Antonio’s Inwardness and Foreclosure in The Merchant of Venice

Autores

  • Carlos Roberto Ludwig UFT

Palavras-chave:

Inwardness, Foreclosure

Resumo

This article discusses the ambiguous representation of the merchant Antonio in William Shakespeare’s The Merchant of Venice. Antonio’s relationship to his father figure is projected through the hatred and sadness in Shylock’s figure. However, Antonio's father figure is completely absent in the play. Thus, his inexplicable anger towards Shylock may reveal primitive feelings towards his father figure. His masochistic desire and fear of castration, which can potentially be fulfilled by Shylock, increase his anxiety to his father figure. He accepts the idea of castration and imagines himself a castrated ram. However, the cause of such anxiety is constantly denied by Antonio, but projected into the play’s texture in verbal slips and contradictions. Thus, the other characters are depicted as Antonio’s correlate figures, mirroring similar feelings felt by him.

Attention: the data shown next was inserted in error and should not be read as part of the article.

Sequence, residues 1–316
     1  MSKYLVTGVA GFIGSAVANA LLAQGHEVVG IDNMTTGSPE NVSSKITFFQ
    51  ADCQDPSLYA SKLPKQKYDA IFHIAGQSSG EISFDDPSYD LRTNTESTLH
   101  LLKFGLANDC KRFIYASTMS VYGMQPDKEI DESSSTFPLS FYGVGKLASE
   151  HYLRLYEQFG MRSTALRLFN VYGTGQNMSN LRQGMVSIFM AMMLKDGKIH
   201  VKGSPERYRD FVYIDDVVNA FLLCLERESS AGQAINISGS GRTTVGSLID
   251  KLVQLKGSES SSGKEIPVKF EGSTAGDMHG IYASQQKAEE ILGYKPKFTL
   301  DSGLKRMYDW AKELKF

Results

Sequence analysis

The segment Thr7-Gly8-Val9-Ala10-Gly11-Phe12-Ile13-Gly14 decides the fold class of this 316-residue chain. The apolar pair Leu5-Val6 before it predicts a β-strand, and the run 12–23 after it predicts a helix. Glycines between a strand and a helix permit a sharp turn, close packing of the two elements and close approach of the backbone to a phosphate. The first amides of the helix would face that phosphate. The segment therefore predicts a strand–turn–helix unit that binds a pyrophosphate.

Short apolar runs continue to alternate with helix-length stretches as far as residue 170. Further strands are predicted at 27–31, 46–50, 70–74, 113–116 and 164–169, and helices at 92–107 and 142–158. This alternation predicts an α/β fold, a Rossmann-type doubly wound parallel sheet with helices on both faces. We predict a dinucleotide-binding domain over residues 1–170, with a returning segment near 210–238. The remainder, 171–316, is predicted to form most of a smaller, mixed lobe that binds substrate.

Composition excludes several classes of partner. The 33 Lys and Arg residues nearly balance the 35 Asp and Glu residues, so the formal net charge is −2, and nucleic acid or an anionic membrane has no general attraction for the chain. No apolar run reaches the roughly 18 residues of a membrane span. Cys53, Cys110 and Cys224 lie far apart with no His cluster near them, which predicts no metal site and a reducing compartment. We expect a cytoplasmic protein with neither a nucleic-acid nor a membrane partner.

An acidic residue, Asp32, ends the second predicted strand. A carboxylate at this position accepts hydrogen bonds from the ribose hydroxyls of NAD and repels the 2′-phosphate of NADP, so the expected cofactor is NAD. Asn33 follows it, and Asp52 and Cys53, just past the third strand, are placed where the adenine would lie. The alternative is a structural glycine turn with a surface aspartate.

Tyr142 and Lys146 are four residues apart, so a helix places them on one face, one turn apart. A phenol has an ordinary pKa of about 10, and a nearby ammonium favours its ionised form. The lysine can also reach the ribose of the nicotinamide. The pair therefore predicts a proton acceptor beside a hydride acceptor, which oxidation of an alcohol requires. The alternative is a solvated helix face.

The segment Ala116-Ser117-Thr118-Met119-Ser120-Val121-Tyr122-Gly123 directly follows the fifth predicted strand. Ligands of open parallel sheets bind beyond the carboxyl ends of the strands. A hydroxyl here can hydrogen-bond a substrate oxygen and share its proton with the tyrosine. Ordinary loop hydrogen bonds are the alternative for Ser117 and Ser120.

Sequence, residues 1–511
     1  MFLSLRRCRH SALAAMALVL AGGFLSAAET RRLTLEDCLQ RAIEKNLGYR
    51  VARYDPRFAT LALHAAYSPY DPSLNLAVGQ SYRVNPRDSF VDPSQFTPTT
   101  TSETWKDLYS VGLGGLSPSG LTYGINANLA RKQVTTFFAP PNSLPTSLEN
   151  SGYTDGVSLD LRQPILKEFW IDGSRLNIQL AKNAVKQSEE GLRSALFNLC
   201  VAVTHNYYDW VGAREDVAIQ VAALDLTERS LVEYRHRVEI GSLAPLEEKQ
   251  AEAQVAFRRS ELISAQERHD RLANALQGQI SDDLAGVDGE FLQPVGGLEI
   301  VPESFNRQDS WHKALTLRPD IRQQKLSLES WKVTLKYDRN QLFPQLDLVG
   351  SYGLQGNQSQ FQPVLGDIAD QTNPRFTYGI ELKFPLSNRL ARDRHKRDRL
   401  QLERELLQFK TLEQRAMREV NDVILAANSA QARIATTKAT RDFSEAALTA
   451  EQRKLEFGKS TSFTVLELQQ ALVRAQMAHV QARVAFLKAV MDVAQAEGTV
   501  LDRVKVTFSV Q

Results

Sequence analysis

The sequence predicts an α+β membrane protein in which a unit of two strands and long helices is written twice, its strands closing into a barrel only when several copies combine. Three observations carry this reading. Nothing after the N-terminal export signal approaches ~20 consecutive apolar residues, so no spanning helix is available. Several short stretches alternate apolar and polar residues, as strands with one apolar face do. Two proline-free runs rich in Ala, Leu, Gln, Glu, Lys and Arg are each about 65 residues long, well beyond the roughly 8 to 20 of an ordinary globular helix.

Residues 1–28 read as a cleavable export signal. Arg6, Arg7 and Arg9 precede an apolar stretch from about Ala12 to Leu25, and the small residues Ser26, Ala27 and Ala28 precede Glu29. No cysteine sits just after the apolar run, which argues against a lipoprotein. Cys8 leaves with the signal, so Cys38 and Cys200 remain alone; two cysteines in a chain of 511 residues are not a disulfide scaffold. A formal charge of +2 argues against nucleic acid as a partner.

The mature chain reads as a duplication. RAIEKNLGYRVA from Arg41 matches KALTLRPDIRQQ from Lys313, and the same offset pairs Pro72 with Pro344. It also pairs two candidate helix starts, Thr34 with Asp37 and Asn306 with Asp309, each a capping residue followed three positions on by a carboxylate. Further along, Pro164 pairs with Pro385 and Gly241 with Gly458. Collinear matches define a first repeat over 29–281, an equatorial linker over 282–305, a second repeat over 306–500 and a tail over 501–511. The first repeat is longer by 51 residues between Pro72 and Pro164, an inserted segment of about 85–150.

Biografia do Autor

Carlos Roberto Ludwig, UFT

Doutor em Letras pela UFRGS

Docente do Programa de Pós-Graduação em Letras da UFT

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Publicado

23/08/2022

Como Citar

Ludwig, C. R. (2022). Antonio’s Inwardness and Foreclosure in The Merchant of Venice. REVELL - REVISTA DE ESTUDOS LITERÁRIOS DA UEMS, 1(31), 160–186. Recuperado de https://periodicosonline.uems.br/index.php/REV/article/view/6942